Purushottama Bilimoria, PhD is Professor of Philosophy and Comparative Studies at Deakin University in Australia and Senior Research Fellow, University of Melbourne. Visiting Professor and Lecturer at University of California, Berkeley and Dominican University, San Anselmo, and Shivadasani Fellow of Oxford University. His areas of specialist research and publications cover classical Indian philosophy and comparative ethics; Continental thought; cross-cultural philosophy of religion, diaspora studies; bioethics, and personal law in India. He is an Editor-in-Chief of Sophia, Journal of Philosophy of Religion, Springer. He also edits a book series with Springer on Sophia: cross-cultural studies in Culture and Traditions, Recent publication is Indian Ethics I, Ashgate 2007; OUP 2008, and Sabdapramana: Word and Knowledge (Testimony) in Indian Philosophy (revised reprint), Delhi: DK PrintWorld 2008; ‘Nietzsche as ‘Europe’s Buddha’ and Asia’s Superman, Sophia, vol 47/3 2008; Postcolonial Philosophy of Religion (with Andrew Irvine, Ken Surin et al) Springer 2009. Teaches and publishes on Hindu religious philosophies. Also works on political philosophy, pertaining to ethics of rights, theories of justice, capabilities, education and gender issues in third world, particularly South Asian, contexts.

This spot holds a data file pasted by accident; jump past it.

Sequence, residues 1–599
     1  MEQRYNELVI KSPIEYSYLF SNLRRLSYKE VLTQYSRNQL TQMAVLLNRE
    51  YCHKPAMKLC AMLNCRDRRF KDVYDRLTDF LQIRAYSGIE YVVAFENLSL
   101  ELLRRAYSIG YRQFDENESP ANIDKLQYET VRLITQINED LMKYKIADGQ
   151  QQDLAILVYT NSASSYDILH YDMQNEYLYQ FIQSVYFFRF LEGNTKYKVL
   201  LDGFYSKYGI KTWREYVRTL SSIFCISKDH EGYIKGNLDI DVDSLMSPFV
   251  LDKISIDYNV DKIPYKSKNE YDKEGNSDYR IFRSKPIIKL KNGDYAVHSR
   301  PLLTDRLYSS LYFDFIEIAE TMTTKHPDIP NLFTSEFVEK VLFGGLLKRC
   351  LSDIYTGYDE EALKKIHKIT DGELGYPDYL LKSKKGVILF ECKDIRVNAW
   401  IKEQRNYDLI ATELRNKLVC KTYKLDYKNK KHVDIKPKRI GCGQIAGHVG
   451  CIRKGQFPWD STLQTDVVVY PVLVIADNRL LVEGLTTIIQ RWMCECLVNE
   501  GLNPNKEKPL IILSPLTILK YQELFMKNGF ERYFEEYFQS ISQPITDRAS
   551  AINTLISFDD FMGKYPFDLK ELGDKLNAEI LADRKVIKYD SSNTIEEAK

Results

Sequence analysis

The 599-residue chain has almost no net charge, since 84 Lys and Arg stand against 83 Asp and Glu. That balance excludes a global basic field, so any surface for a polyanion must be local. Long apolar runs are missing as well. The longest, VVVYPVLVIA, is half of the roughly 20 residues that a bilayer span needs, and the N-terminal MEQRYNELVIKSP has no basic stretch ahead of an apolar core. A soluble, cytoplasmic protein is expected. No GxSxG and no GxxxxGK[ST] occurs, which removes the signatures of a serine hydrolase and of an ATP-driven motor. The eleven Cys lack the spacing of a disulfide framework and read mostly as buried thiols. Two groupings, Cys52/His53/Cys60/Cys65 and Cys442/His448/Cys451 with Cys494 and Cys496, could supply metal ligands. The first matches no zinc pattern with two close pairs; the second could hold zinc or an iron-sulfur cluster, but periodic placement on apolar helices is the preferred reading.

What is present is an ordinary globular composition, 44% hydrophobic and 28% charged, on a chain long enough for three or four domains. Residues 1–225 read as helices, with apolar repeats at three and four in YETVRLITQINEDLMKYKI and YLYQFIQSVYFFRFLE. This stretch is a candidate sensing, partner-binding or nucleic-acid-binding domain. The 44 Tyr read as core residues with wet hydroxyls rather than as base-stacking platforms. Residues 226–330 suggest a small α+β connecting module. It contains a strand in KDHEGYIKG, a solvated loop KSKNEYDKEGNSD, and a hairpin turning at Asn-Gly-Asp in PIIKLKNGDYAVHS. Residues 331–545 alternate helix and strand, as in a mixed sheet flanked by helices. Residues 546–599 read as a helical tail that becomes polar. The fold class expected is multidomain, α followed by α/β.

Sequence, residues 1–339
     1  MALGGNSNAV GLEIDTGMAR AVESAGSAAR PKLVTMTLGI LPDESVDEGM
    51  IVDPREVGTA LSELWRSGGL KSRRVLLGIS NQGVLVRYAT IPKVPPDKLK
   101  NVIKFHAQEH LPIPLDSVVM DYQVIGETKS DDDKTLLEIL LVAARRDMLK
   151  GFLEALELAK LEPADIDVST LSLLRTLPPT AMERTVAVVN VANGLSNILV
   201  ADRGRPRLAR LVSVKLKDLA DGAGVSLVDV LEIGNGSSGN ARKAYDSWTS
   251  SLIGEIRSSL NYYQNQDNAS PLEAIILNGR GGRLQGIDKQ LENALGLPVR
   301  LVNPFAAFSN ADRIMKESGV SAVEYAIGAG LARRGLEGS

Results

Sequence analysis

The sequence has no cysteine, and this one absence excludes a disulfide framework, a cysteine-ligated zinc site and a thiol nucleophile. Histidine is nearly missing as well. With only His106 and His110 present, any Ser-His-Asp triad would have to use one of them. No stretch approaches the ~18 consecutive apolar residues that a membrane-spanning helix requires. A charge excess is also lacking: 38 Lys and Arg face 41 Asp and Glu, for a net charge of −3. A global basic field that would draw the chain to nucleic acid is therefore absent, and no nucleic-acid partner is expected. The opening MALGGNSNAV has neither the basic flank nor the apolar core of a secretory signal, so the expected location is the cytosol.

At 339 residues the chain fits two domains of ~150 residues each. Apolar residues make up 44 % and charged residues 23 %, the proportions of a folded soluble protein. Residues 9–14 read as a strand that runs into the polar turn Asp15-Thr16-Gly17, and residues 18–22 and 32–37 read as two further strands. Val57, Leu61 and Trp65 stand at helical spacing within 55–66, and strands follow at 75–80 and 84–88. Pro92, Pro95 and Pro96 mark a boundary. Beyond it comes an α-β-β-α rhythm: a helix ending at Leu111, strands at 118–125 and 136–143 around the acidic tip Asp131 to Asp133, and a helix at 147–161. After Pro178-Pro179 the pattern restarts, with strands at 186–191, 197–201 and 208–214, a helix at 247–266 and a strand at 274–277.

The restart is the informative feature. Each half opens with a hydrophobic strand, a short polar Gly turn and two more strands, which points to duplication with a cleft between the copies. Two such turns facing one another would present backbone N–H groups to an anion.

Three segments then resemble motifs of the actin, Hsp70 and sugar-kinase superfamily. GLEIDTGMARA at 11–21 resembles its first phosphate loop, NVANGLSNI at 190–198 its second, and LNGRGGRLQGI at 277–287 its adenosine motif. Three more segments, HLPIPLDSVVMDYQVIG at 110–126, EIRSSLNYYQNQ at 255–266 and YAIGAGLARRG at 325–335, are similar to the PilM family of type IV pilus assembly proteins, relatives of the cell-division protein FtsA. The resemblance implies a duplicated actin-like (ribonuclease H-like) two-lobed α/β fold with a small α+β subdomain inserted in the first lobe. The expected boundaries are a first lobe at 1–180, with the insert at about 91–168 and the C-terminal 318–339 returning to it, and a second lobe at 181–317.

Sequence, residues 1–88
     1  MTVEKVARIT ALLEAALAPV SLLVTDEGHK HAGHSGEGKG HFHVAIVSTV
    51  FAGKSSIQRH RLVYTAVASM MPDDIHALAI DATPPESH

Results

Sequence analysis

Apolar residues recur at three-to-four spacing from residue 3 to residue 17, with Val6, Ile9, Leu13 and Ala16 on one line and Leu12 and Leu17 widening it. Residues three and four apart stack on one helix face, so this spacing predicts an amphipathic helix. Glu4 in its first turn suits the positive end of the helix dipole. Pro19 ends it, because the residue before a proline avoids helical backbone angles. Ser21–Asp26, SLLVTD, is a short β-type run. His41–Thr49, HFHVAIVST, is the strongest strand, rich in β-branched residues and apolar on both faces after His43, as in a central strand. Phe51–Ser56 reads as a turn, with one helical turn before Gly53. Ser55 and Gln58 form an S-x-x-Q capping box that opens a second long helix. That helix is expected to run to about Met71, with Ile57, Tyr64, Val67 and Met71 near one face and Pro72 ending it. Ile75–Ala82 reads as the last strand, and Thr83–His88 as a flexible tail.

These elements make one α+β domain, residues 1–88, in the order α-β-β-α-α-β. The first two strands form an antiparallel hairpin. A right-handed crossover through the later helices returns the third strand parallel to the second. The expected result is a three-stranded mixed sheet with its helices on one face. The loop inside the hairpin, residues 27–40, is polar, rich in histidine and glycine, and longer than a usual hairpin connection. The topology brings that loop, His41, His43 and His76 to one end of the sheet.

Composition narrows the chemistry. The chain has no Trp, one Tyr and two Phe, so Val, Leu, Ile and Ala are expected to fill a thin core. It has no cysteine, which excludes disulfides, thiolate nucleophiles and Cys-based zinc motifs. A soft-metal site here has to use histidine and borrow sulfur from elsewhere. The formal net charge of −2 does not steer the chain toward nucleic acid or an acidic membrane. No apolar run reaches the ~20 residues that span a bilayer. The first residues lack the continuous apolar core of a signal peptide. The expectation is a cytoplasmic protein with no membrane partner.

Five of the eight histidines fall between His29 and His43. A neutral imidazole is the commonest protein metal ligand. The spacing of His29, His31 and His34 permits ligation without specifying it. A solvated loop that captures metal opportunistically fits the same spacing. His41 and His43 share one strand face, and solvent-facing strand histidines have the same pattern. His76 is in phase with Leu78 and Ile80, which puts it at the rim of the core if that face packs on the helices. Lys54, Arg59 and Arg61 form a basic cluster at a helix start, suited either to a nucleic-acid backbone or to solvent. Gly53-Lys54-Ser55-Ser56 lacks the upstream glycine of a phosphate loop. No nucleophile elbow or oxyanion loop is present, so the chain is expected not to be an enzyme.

Subhasitas are Sanskrit sayings that generally make a moral point. This lecture will examine the role of ‘eloquent speech’ in the formation of social and political relationships in medieval India, showing the role of subhasita in the formation of ethics. Daud Ali is Senior Lecturer in Early Indian History at the School of Oriental and African Studies. He is author of Courtly Culture and PoliticalLife in Early Medieval India, and, with Ronald Inden and Jonathan Walters, of Querying the Medieval: Texts and the History of Practice in South Asia
The general view amongst scholars, and western scholars in particular, is that there is not sufficient attention paid to ethics in Hinduism. While no one holds that view seriously these days it does surface in discussions on Hinduism even today. This presentation tries to tackle that issue from the point of view of the early Upanishads. The main argument I develop is that moral theory and ethical behaviour is culture specific and there cannot be a uniform standard moral theory for all cultures. Moreover, it is axiomatic that no culture, particularly one that has survived thousands of years like that of the Hindus, could have survived without a moral code. Moral theory grows in consonance with the values that each society considers of ultimate importance. Keeping this as the background, this paper looks at a number of the early and middle Upanishads to build a behaviour pattern based on the twin concepts of dharma and moksa. Along the way the paper also tries to answer criticisms from scholars like Zaehner for whom a jivanmukta (one liberated while still in the body) is beyond all morality. The conclusion drawn is that there is a close connection between moral behaviour and the realization of what it means to be human.